CAPE TOWN – World youth champion Breyton Poole is looking for a big jump in front of his home fans at the Liquid Telecom Athletix Grand Prix Series Meeting in Paarl on Thursday.
“It is my home track, my whole family is coming, so I really expect to do well,” said 17-year-old Poole.
“As the Coetzenburg track is currently under reconstruction, Dal Josaphat has become my home and I train there at least twice a week. I know the track and I enjoy jumping on it.”
Poole opened his 2018 campaign at the inaugural Liquid Telecom Athletix Grand Prix Series Meeting in Ruimsig with a height of 2.15m. South Africans have got used to seeing him jump over 2.20m and were a bit disappointed, but the youngster was quite happy.
“It was only my first competition of 2018 so I was not disappointed. I was expecting to go 2.15m and anything above that would have been a bonus. It is a long season and I need to get into shape progressively. So that was the perfect start for me.”
Poole shot to fame when he won the 2017 World Under-18 High Jump title in Nairobi in what he calls ‘the most incredible experience of his life’.
“There were 50to 60000 people in the stands, singing, dancing and blowing the vuvuzela. Every performance was cheered on. It was out of this world. It didn’t matter from which country you were, you were loudly supported and that helped me to win the gold.”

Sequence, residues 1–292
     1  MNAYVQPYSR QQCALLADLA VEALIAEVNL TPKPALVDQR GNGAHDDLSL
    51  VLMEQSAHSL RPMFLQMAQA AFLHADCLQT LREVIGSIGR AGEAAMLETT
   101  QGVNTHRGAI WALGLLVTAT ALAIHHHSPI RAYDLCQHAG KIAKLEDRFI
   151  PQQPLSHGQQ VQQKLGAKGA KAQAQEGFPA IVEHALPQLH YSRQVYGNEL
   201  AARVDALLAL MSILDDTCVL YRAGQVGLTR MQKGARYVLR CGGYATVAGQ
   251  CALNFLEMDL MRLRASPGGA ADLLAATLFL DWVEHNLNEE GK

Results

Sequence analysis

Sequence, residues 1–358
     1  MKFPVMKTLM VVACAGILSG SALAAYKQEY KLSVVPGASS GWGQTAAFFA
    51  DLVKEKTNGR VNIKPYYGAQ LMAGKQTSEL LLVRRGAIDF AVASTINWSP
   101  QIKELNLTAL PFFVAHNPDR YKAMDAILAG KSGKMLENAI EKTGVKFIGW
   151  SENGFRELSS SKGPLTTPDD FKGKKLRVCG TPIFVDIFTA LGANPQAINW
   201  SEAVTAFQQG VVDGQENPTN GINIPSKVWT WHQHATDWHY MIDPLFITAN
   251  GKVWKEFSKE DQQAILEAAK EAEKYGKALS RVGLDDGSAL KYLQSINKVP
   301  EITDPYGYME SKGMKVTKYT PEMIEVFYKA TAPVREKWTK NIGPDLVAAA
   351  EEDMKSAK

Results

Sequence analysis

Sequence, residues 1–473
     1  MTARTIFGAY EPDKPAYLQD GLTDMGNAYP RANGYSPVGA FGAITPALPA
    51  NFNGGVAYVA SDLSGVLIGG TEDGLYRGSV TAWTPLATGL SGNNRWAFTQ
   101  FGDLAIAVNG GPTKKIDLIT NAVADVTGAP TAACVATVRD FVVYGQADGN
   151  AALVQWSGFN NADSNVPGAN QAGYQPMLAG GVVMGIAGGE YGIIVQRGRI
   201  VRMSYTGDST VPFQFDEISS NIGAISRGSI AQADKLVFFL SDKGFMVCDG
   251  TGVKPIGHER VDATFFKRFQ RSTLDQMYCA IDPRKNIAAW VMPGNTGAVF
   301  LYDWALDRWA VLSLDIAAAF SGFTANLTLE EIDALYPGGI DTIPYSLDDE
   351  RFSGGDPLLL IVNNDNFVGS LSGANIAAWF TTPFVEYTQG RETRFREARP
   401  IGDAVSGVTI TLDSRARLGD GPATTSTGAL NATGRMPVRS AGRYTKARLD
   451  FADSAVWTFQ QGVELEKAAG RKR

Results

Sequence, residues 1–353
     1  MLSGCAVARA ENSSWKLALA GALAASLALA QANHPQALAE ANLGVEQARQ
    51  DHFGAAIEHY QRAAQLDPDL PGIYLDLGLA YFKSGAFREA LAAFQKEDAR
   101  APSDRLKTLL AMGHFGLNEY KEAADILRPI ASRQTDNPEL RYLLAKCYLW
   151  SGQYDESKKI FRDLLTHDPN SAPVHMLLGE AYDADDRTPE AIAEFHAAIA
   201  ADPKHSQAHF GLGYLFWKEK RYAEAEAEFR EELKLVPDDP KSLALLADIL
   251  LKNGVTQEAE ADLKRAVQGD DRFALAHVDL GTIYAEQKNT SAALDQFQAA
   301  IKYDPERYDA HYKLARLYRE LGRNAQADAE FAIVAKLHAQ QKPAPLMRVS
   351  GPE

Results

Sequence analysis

Poole jumped a new personal best of 2.24m to win gold. In November last year at a league meeting in the Western Cape he improved that to 2.25m.
Standing at only 1.73m, Poole is often asked if his diminutive height for a high jumper is a disadvantage.
“Yes I get asked that often,” chuckles Poole. “But if you look at Stefan Holm of Sweden, he is only 1.81m tall and he won four indoor titles, was a silver medalist at the 2003 World Championships and won the Olympic title in 2004. So if he can do it, there is no reason why I cannot.”
Poole believes he is a 2.30m plus jumper and has his eyes set on that target in 2018. “I have incredible bounce in my legs. This, together with my leg speed, helps me tremendously. This year I want to hit 2.30m.”
On his chances in Paarl, Poole is confident. “I am looking forward to it. I have heard a lot of people want to come out and support me, so I need to put on a great show. Chris (Moleya) will also be competing. We have a great rivalry, so the spectators should be treated to something special. Who knows, maybe I will go over my PB (2.25m) on Thursday.”
Meanwhile, the clash between Akani Simbine and Henricho Bruintjies in the men’s 100m will definitely be one of the major drawcards of the night.
For Simbine, it’s a final test before departing to the Gold Coast, Australia for the Commonwealth Games, while for Bruintjies it is a homecoming and an opportunity to race in front of his home crowd where he will gun for the scalp of his friend, Simbine.
The much-expected duel between the two did not materialise at the national championships, with Simbine withdrawing after the first round as a precaution. Simbine had complained of a tight hamstring and pulled out after consulting with his coach. Bruintjies went on to win the bronze medal.
Simbine said he was healthy, ready and eager to race in Paarl.
“I felt a tightness in my hamstring and we opted to withdraw from the championships. This was one of the hardest decisions that I have made, as the national title means a lot to me and I enjoy running in front of my home crowd.
It is important to me to be able to do that as they always support me, so I felt it was my responsibility to reciprocate by racing at Tuks. But I had to make the hard decision.”